Ecosystems provide the conditions for growing food. Food comes principally from managed agro-ecosystems but marine and freshwater systems or forests also provide food for human consumption. Wild foods from forests are often underestimated.
Ecosystems provide a great diversity of materials for construction and fuel including wood, biofuels and plant oils that are directly derived from wild and cultivated plant species.
Ecosystems play a vital role in the global hydrological cycle, as they regulate the flow and purification of water. Vegetation and forests influence the quantity of water available locally.
Ecosystems and biodiversity provide many plants used as traditional medicines as well as providing the raw materials for the pharmaceutical industry. All ecosystems are a potential source of medicinal resources.
Local climate and air quality
Trees provide shade whilst forests influence rainfall and water availability both locally and regionally. Trees or other plants also play an important role in regulating air quality by removing pollutants from the atmosphere.
Carbon sequestration and storage
Ecosystems regulate the global climate by storing and sequestering greenhouse gases. As trees and plants grow, they remove carbon dioxide from the atmosphere and effectively lock it away in their tissues. In this way forest ecosystems are carbon stores. Biodiversity also plays an important role by improving the capacity of ecosystems to adapt to the effects of climate change.
Moderation of extreme events
Extreme weather events or natural hazards include floods, storms, tsunamis, avalanches and landslides. Ecosystems and living organisms create buffers against natural disasters, thereby preventing possible damage. For example, wetlands can soak up flood water whilst trees can stabilize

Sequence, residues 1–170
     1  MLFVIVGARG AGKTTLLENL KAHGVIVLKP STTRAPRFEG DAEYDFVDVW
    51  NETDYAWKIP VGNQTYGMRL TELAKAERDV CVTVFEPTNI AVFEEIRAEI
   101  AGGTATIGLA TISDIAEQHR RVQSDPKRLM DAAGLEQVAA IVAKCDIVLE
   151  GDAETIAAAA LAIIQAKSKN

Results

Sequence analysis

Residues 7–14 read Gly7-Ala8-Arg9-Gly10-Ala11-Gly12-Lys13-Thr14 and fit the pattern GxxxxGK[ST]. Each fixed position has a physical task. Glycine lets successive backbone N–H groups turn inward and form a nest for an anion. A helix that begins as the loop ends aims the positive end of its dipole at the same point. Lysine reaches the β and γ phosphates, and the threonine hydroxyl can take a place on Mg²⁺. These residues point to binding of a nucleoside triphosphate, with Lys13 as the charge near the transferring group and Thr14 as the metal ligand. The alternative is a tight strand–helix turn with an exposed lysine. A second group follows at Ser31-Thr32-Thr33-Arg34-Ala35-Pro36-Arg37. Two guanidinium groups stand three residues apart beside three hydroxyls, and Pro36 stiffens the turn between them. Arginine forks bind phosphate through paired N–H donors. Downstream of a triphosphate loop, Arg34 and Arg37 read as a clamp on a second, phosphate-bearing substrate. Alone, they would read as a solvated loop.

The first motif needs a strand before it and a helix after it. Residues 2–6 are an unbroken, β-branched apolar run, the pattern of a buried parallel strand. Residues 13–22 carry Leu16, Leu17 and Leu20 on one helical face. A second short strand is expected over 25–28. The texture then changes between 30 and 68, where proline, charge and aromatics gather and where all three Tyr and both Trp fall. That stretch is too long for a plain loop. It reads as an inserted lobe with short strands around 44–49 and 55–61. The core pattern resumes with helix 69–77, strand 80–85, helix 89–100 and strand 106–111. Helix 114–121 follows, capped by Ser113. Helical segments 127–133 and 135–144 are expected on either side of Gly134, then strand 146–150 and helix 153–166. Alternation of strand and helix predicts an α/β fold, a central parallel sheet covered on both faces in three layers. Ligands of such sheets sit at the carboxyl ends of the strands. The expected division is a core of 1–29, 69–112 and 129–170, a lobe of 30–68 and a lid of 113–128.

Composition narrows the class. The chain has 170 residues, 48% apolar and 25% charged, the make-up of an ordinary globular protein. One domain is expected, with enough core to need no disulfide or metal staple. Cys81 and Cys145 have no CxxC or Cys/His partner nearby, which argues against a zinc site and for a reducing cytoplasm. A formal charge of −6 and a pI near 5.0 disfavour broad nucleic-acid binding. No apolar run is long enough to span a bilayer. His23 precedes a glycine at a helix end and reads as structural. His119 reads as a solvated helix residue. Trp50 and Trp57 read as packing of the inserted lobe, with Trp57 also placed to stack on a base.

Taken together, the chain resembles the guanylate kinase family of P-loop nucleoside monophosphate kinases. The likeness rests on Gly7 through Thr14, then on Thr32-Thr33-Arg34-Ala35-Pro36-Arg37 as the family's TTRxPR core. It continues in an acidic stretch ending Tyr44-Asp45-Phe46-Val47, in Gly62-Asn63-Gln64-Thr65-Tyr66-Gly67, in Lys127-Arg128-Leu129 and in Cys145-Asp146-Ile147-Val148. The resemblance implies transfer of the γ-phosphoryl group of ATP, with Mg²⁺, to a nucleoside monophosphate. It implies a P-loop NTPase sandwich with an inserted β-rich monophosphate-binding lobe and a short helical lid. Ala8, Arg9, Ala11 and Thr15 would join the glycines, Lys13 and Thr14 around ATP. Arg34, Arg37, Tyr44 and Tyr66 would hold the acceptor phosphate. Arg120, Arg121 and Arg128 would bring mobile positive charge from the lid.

slopes. Coral reefs and mangroves help protect coastlines from storm damage.
Ecosystems such as wetlands filter both human and animal waste and act as a natural buffer to the surrounding environment. Through the biological activity of microorganisms in the soil, most waste is broken down. Thereby pathogens (disease causing microbes) are eliminated, and the level of nutrients and pollution is reduced.
Erosion prevention and maintenance of soil fertility
Soil erosion is a key factor in the process of land degradation and desertification. Vegetation cover provides a vital regulating service by preventing soil erosion. Soil fertility is essential for plant growth and agriculture and well-functioning ecosystems supply the soil with nutrients required to support plant growth.